• 18. xed width w with the left edge at x sw(x) = w  (minfyt (x); yt (x + w)g maxfyb(x); yb(x + w)g) I Let s(w) = max x sw(x) be the max square of a rectangle of the
  • 19. xed width w I sw(x) is convex, so s(w) can be found by a ternary search I Let s = max w s(w) be the max square of a rectangle | the answer to the problem I s(w) is convex, so s can be found by a ternary search
  • 20. Problem F. Fraud Busters I This is the simplest problem in the contest I It is solved by going over a list of codes and checking each one against a code that was recognized by the scanner
  • 21. Problem G. Green Energy I Compute coordinate z for each point | coordinate of the projection onto a line perpendicular to the sun I Place the largest tower at a point with the max z coordinate I Place other towers in any order on points with decreasing z coordinates so that they do not obscure each other I If min z coordinate is reached and some towers are left, then place them anywhere tower shadows y z x
  • 22. Problem H. Hack Protection I Compute cumulative xor values xi = j<i j=1aj ( for xor ) I this way, xor for any subarray [i ; j) is equal to xi xj I Create a map M which keeps for each value of xi the list of indices i with this value of xi I Compute bi ;j | the
  • 23. rst index at or after i where j-th bit of ai becomes zero I Loop for all i0 from 1 to n I using bi ;j one can quickly
  • 24. nd consecutive ranges [ik ; ik+1) of indices where and of subarrays [i0; t) (ik  t  ik+1) has the same value b I note, that there are at most 32 such ranges for each i0 I use a map M to
  • 25. nd a list of all indices with value of xi0 b I use a binary search on this list (twice) to
  • 26. nd how many indices from this list are in the range [ik ; ik+1) I that is the number of matching values for all subarrays [i0; t)
  • 27. Problem I. Interactive Interception I The state space of a point can be kept in array of min and max possible position for each speed I There are at most 105 possible speeds, so this array can be scanned in a loop on each turn I Find R that splits a state space roughly in half using binary search I Use check 0 R" query I Update the state space after reading the answer I Repeat until the point's position can be unambiguously determined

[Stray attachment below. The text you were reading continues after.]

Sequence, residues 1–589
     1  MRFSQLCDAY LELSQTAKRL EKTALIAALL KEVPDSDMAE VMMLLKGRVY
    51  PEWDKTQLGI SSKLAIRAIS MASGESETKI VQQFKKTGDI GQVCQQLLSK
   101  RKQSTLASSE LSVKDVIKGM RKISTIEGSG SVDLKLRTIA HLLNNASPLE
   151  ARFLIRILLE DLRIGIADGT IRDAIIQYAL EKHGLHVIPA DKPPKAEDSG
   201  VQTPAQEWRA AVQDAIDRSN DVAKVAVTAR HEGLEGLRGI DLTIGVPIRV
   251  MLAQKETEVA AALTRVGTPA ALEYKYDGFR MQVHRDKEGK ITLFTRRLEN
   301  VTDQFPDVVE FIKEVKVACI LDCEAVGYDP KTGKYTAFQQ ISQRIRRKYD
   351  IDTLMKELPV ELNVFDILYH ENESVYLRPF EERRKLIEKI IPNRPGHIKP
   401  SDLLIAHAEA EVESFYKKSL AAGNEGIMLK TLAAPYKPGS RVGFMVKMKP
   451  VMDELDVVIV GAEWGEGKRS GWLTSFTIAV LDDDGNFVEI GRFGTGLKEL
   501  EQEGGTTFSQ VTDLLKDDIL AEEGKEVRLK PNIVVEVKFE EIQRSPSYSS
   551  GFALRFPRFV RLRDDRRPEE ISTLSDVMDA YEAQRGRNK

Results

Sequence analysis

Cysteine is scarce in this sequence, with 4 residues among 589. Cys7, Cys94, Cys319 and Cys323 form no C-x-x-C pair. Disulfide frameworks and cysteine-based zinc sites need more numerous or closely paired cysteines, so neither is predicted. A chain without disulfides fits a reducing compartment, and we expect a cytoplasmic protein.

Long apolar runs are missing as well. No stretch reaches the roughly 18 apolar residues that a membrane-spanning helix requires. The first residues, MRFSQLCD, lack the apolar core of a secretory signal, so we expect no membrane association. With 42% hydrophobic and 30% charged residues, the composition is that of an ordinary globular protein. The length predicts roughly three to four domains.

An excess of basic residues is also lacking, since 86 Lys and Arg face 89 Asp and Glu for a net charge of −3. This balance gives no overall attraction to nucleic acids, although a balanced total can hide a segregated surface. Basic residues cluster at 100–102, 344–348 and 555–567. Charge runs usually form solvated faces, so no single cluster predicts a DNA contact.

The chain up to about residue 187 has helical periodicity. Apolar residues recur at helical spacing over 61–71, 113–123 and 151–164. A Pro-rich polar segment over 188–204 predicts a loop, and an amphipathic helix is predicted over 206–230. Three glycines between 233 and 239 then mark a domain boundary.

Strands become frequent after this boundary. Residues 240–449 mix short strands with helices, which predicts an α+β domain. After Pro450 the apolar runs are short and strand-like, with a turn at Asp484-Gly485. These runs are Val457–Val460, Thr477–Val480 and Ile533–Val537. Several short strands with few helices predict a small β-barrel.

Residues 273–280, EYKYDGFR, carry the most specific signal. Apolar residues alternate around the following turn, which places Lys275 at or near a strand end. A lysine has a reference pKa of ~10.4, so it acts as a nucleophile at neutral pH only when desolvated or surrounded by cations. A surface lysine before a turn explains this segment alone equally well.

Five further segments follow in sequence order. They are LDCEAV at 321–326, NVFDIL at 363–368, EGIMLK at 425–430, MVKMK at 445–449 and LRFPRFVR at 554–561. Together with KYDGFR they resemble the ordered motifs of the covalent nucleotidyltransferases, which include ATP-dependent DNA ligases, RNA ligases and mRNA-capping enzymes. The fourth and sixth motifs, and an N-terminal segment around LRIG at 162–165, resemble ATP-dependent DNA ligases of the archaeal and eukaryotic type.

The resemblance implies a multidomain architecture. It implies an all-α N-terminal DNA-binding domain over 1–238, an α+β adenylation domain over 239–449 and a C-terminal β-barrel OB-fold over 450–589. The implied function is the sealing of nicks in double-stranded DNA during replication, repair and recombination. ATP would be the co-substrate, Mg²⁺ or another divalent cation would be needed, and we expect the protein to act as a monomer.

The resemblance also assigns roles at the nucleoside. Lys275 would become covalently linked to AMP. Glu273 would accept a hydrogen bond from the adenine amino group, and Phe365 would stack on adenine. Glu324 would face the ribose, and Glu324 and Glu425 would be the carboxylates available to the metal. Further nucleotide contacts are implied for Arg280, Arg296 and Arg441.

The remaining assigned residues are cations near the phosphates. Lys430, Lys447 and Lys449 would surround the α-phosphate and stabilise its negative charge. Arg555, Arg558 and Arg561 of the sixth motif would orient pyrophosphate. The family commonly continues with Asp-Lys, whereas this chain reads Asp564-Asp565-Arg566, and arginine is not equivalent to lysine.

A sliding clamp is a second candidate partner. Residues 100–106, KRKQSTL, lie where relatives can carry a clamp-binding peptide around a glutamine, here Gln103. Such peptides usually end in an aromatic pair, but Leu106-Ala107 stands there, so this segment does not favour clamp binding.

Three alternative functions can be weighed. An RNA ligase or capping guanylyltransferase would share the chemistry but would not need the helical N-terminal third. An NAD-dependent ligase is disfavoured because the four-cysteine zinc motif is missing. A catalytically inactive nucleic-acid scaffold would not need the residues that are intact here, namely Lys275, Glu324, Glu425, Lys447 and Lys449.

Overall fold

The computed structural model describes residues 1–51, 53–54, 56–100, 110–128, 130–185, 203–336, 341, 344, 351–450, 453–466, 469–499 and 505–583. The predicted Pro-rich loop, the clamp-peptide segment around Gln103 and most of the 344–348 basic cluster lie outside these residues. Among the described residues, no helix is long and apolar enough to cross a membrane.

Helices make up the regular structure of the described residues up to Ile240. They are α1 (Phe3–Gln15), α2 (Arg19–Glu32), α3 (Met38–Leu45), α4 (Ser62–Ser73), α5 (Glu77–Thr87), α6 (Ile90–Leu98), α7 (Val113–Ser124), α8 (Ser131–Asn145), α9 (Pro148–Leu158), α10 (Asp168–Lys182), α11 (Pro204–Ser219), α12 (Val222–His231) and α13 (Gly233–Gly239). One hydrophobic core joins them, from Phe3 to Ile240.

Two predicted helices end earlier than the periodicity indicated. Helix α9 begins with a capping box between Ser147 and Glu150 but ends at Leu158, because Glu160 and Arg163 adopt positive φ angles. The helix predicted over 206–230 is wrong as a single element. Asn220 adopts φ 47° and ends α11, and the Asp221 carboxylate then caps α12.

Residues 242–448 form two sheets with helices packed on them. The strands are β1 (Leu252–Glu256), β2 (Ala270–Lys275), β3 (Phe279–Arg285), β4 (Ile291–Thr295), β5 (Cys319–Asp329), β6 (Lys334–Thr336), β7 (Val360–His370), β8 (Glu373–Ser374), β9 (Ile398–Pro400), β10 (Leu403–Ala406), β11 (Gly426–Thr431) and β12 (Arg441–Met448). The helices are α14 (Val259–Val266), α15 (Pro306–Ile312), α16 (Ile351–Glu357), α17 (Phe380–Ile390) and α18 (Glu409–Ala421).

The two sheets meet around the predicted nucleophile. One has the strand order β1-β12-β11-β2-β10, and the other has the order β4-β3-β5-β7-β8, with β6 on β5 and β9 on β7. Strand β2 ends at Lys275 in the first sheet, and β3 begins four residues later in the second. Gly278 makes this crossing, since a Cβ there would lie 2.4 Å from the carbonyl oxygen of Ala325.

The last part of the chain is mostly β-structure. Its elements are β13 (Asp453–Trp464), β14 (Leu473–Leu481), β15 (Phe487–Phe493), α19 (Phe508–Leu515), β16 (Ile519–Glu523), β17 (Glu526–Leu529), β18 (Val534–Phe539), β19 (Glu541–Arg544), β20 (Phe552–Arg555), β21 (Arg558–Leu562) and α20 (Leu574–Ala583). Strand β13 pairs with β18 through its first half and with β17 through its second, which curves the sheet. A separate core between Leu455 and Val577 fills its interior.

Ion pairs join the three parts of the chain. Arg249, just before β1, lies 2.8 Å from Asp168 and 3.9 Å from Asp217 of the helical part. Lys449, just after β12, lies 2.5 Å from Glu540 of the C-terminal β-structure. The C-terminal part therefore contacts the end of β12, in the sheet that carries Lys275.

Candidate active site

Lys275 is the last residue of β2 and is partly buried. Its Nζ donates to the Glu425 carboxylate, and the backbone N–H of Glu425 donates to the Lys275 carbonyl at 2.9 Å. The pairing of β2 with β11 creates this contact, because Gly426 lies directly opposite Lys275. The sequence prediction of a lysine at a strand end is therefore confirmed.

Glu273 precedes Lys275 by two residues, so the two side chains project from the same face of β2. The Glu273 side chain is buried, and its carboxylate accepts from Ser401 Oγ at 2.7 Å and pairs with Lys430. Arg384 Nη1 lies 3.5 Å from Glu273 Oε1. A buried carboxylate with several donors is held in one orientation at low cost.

• 28. Problem J. Join the Conversation I The problem is solved by dynamic programming I For each author maintain a map M from an author to a pair of an index and a length of the maximal conversation with the last message from this author I Process messages in order,
  • 29. nd all mentions in a message, and update map M for the author of this message I if you
  • 30. nd mentions by looking at `@' then do not forget to check for a space before it I the easiest way to
  • 31. nd mentions is to split the message by spaces
  • 32. Problem K. Kabaleo Lite I n = 1 is a special case I the answer depends on the chip of the last player I For n > 1 analyze the best strategy for other players: I they place all chips onto the chips of your hidden color h I they will obscure as many as possible of your chips on the board, and will place as many as possible of other colors onto the board I Compute the maximal possible number of chips of each color on the board according to the above I Check each possible move of yours to
  • 33. nd the answer I you win only if the number of your color h on the board exceeds any other number I you need to maintain the number of only two best other color to
  • 34. gure if the above is true